Nothing grows in the shadow of a great tree – this is how we can describe social relations around young Wilde, literally and figuratively. This huge “professor of aesthetics” – as he called himself – focused around himself more and more admirers – followers. Everything in his person was excessive – height, emotions, intensity of social and intellectual life. He liked shocking with clothing: “He wore a velvet coat, a soft shirt with a turndown collar, a long fantastic tie, satin shorts, silky stockings, low-cut shoes with silver clasps, a beret on his head, and a sunflower in his hand. He sailed into the stable Victorian like a ship under unknown flag, dressed in this costume that he perceived as the second Reformation”. Many stories about his eccentricities in this subject are highly exaggerated. He found a rich circle of followers that surpassed him in terms of original clothes and eccentricity of behaviour.  Wilde answered with innate self-confidence that showed his imitators their place: “Anyone could have done that. The most difficult thing was to get people to thing I had done it”. He was so different, so interesting visually and intellectually that he raised fear, intrigued and at the same time attracted people. How many times the colour of his eyes was the subject of discussions!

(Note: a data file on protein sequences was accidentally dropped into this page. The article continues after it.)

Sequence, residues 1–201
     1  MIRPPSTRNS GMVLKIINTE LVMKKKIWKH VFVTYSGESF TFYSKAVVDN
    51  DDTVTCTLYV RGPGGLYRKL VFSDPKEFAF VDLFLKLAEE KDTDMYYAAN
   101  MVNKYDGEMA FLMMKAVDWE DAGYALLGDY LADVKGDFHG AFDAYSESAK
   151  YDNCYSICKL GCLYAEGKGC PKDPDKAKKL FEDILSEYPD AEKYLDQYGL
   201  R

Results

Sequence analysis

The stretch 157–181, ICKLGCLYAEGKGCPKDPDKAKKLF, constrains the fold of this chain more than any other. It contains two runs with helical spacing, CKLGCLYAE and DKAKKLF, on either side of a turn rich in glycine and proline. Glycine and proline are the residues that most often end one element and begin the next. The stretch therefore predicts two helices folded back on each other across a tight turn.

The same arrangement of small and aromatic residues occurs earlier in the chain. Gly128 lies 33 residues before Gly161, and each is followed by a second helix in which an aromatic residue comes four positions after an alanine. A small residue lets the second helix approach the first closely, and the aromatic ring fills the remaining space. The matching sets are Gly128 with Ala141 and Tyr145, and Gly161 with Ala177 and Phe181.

In spite of the popularity among the London society, his artistic inspirations did not earn due respect. Wilde decided to be the messenger of the new art in America. He set out for New York. “As regards my motive for coming to America, I should be very disappointed if when I left for Europe I had not influenced in however slight a way the growing spirit of art in this country, very disappointed if I had not out of the many who listen to me made one person love beautiful things a little more and very disappointed if in return for the dreadfully hard work of lecturing… I did not earn enough money to give myself an autumn at Venice, a winter in Rome, and a spring at Athens”. As was his custom, Wilde charmed the New York elite, who came in crowds to watch his operetta Panience and listen to his lectures. The local press described him as follows: “The most striking thing about the poet’s appearance is his height, which is several inches over six feet, and the next thing to attract attention is his hair, which is of a dark brown colour, and falls down upon his shoulders… When he laughs his lips part widely and show a shining row of upper teeth, which are superlatively white. The complexion, instead of being the rosy hue so common in Englishmen, is so utterly devoid of colour that it can only be described as resembling putty. His eyes are blue, or a light grey, and instead of being ‘dreamy’, as some of his admirers have imagined them to be, they are bright and quick — not at all like those of one given to perpetual musing on the ineffably beautiful and true. Instead of having a small delicate hand, only fit to caress a lily, his fingers are long and when doubled up would form a fist that would hit a hard knock, should an occasion arise for the owner to descend to that kind of argument… One of the peculiarities of his speech is that he accents almost at regular intervals without regard to the sense, perhaps as a result of an effort to be rhythmic in conversation as well as in verse”. Wilde himself wrote to his friend: “My dear Jimmy, they are considering me seriously. Isn’t it dreadful? What would you do if it happened to you?” He became a star comparable to contemporary celebrities whose behaviour and costumes are intently described in tabloids. His style of dressing found many followers, particularly among the students of Harvard. “He fascinated everybody who was worth fascinating, and a great many people who were not”.